Hey, Mom and Dad. When Should Kids Get Their First Cell Phone?

Parents, Patch wants to hear from you on the questions that get families talking.

Welcome to "Hey, Mom and Dad"—a weekly feature in which we ask our Facebook fans to share their views on parenting. Every week we get the conversation started by taking a look back at a question we asked parents the week before on Patch Facebook pages from around the area:

Your child is 10 years old and insists he needs a cell phone in his life to keep him safe and in constant contact with his friends. What do you do? Run out and put him on the family plan? Or, tell him to wait until he can get a job and pay for it himself? That leads us to this week's question:

What is the appropriate age for kids to have their first cell phone?

Take a look at what people had to say and join the conversation in the Comments section.

Wendy F. I can see very basic (and durable) phones for kids once they are in very late grade school or junior high - largely to communicate with their parents. In high school - I can see a more sophisticated phone - but I really don't think kids should be given top-of-the-line cell phones (like iPhones) until they are out of high school. They are very rough on them - and they don't need all the bells/whistles. It drives me nuts when you go out and see kids 7 and 8 years old - with iPhones (which they don't put down even at meals out with their families). Today's kids are way TOO wired. They need to learn to communicate other than by texting or Facebook updates! via Woodridge Patch Facebook page

Debbie A. It all depends on the use. Latch key kids should have them. via Downers Grove Patch Facebook page

Paul J. I believe it depends on the maturity level of the kid, not so much the age. My wife and I got our a son a cellphone when he was nine. He's eleven now. Nothing fancy, just a simple phone for calling and texting. No Internet connection either. The phone was free and it's $10 a month on our plan. Makes me feel better knowing he has it when he goes out. via Darien Patch Facebook page

Gavin Q. Our rule was no phone until college unless you paid for it yourself. As far as for safety when going places, I got to borrow Mom's phone. lol. I thought it sucked at the time, but I'm glad they did it. It made me appreciate the phone a lot more when I finally got one. via Lemont Patch Facebook page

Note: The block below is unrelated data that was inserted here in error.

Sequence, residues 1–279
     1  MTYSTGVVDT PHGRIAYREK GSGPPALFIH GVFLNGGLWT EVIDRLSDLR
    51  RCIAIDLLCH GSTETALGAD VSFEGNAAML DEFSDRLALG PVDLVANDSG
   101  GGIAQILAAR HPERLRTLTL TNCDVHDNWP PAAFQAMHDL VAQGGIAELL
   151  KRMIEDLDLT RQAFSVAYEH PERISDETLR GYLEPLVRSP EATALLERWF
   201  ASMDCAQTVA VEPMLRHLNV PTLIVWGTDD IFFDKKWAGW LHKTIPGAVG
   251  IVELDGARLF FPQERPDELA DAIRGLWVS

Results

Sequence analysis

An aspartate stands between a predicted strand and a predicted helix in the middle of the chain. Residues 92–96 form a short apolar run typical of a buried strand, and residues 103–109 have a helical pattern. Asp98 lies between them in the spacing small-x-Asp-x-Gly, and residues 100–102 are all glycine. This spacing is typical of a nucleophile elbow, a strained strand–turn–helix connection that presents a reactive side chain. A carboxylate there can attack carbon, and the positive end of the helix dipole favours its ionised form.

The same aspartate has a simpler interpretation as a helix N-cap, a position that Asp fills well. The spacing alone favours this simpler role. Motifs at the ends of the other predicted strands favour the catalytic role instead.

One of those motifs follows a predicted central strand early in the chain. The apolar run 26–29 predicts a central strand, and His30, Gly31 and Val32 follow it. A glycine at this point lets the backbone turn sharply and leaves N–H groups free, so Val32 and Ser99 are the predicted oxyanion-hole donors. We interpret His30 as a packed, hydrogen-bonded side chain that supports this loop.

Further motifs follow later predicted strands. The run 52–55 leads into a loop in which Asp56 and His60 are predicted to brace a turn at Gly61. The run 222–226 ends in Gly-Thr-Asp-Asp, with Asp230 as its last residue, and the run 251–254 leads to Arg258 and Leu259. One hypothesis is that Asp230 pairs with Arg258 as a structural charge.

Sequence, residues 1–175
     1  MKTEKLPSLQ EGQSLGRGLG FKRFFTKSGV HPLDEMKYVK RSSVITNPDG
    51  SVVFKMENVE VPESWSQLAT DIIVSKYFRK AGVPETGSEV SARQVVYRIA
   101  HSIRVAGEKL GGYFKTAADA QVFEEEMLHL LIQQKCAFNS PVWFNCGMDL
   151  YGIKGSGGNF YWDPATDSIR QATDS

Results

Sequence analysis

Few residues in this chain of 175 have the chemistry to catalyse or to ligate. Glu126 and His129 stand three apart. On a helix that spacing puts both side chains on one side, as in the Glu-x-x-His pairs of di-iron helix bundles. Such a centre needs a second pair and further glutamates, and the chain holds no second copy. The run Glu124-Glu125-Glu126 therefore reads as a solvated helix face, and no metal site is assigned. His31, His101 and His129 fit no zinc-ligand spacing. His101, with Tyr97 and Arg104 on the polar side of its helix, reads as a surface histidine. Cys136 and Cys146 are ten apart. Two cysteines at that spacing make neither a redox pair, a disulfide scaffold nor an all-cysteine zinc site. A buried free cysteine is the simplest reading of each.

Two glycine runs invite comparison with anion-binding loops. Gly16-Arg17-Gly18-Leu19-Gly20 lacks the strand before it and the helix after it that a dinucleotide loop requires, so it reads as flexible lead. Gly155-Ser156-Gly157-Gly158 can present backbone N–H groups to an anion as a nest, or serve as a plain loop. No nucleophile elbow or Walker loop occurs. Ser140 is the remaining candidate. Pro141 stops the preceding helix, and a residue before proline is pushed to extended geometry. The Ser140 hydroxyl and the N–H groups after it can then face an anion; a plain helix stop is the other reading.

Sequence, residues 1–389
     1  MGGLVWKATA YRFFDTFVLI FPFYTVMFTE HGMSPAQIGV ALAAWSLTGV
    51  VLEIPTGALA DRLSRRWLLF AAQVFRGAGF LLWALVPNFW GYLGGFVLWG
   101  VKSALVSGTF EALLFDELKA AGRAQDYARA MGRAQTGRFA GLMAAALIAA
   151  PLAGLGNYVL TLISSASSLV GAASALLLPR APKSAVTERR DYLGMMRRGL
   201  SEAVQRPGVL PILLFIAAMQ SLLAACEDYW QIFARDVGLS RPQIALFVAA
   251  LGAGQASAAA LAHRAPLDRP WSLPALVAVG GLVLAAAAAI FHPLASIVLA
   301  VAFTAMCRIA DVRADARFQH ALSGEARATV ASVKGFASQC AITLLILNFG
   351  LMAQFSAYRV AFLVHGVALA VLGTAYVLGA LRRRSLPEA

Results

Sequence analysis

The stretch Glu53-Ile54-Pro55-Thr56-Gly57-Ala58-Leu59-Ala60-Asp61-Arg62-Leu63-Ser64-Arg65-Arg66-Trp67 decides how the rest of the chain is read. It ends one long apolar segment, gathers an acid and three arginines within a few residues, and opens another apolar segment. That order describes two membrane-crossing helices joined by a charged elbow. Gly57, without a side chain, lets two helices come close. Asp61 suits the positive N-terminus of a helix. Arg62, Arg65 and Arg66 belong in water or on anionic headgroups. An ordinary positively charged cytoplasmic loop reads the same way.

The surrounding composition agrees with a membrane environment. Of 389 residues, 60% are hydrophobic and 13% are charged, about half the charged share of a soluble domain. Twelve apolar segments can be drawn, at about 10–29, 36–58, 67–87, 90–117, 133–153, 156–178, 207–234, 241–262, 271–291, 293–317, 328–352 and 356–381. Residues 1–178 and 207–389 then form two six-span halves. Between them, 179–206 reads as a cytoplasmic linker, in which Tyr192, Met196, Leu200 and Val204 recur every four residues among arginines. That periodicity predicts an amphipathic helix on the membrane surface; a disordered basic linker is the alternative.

Chris H. When they can pay towards the bill! via Western Springs Patch Facebook page

So what's your take? Do kids need a cell phone before they're old enough to pay for it themselves? Tell us in the comments below.

Marissa Modesto October 02, 2012 at 10:07 PM
I've been struggling with this... my eight year old has started asking when he will be able to get his first phone. As we no longer maintain a land line and as pay phones disappear the appropriate age for cell phone use will go down. I remember calling my Mom to pick me up from afterschool activities starting in the 5/6th grade from the pay phone... now you can hardly find one! It amazes me when children have smartphones, even the adults in our household do not own smart phones.
Matthew Hendrickson October 02, 2012 at 10:07 PM
My favorite comment was on the Oak Park Patch Facebook which basically said, they can have one when they pay for it.
Ben Dover October 03, 2012 at 01:29 AM
That horrifies me.
Tom Koz October 03, 2012 at 02:37 AM
HEY, you don't have to be able to pay for a cell phone!! Actual tax payers and others will pay for it for you??? http://www.youtube.com/watch?v=tpAOwJvTOio&feature=player_embedded Do you think other people should pay for your things?? Do you teach your kids that they should not work for what they get?? Do you teach your kids that others owe them?? Do you have no shame??? Sooner or later, probably sooner, the Socialist will run out of other peoples' money!!
Joseph R. Martan October 03, 2012 at 03:46 PM
No cell phones until college. Children need to learn how to speak and write intelligent English, not the garbage they use on their phones and IPods. Likewise, they need face-to-face interaction with their peers instead of hiding behind an electronic device. The trouble is that the current generation of parents lacks the ability (or willingness) to simply say "no" when Buffy or Chad whine that everyone else has one.


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